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MPC Research Reports
Report Details

Title:Serviceability Limits and Economical Steel Bridge Design
Authors:Michael G. Barker, Lorehana Gandiaga, and James Staebler
University:University of Wyoming
Publication Date:Dec 2008 (Interim Report)
Report #:MPC-08-206
Project #:MPC-270
Keywords:deflection, high performance steel, steel bridges



High Performance Steel (HPS) is a superior material with higher yield strength, improved weldability, greater levels of toughness, and improved weathering resistance that can lead to more economical bridges than conventional steel bridge designs. AASHTO Load and Resistance Factor Design (LRFD) provisions show that using HPS only in the highly stressed regions (hybrid design) can lead to superstructure steel weight savings of up to 20 percent and a cost saving above 10 percent compared to conventional steel bridges.

However, using HPS results in less steel material and, therefore, live load deflections increase over conventional bridges. This means that sometimes deflection will control and the weight and cost savings high performance steel affords will not be realized. This problem is exacerbated in that many states enforce deflection criteria that are more restrictive than those prescribed in AASHTO. In fact, these conservative states actually require additional steel over conventional designs due to stiffness requirements and not strength design. States are spending more on bridges than prescribed by AASHTO design provisions. Limited studies show that many states put an additional 25 percent steel into bridges to meet their conservative deflection criteria rather than saving 20 percent by using high performance materials. This results in a difference of 40-50 percent in the weight of the steel.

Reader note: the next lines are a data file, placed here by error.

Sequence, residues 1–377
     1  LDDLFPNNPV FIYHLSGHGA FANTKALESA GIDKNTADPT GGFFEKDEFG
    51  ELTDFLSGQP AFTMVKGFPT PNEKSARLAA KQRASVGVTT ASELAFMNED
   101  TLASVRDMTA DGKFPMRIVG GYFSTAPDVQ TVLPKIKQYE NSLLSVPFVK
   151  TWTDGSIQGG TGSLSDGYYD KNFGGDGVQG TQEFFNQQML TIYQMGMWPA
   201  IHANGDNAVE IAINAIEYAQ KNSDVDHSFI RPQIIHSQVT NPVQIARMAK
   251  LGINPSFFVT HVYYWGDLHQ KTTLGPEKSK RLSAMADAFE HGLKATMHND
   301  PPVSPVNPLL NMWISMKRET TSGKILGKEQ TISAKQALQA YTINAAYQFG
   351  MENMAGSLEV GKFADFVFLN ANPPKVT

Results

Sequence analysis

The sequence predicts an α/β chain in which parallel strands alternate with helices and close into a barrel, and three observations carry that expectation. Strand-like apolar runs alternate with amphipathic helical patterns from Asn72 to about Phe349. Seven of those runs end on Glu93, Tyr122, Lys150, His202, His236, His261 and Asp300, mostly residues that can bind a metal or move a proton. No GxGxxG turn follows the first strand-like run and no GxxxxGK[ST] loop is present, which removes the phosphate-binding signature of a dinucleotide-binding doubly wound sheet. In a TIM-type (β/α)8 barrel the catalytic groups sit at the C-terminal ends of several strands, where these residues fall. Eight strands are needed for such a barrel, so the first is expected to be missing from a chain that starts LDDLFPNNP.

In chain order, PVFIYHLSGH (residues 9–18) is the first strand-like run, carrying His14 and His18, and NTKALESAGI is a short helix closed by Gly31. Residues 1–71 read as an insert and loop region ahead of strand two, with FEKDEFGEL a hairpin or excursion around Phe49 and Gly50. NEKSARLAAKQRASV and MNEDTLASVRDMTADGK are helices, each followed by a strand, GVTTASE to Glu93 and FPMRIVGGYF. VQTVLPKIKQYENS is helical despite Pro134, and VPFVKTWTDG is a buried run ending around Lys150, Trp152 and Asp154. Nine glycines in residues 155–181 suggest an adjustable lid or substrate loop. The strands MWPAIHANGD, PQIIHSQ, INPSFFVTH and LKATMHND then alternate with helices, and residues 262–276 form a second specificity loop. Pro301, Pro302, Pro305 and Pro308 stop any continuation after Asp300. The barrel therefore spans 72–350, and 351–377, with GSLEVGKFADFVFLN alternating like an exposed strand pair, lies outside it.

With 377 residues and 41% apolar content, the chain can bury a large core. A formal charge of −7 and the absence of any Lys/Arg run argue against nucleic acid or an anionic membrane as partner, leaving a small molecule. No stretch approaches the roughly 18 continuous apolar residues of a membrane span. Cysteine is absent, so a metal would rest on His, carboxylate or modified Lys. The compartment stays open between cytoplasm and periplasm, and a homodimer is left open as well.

States, counties and local municipalities are replacing state and local bridges at an increasing rate due to design life termination, deterioration and functional and structural deficiencies. High Performance Steel shows great promise for producing more durable and more economical bridges. With current deflection limitations, however, many of these state and local bridges will be negatively impacted by deflection limitations. Success will be measured by state adoption of reasonable deflection criteria (this has happened in New Hampshire and Missouri during past limited studies.)

A group of 6 states will be selected for the serviceability comparisons. The states will represent various levels of conservativeness across the country. The states include representation from the Mountain-Plains Consortium region. A set of 5 High Performance Steel bridges that are in service (one with significant field test data) will be used for the study. The bridges range in length, width, girder spacing and geographical location.

NDSU Dept 2880P.O. Box 6050Fargo, ND 58108-6050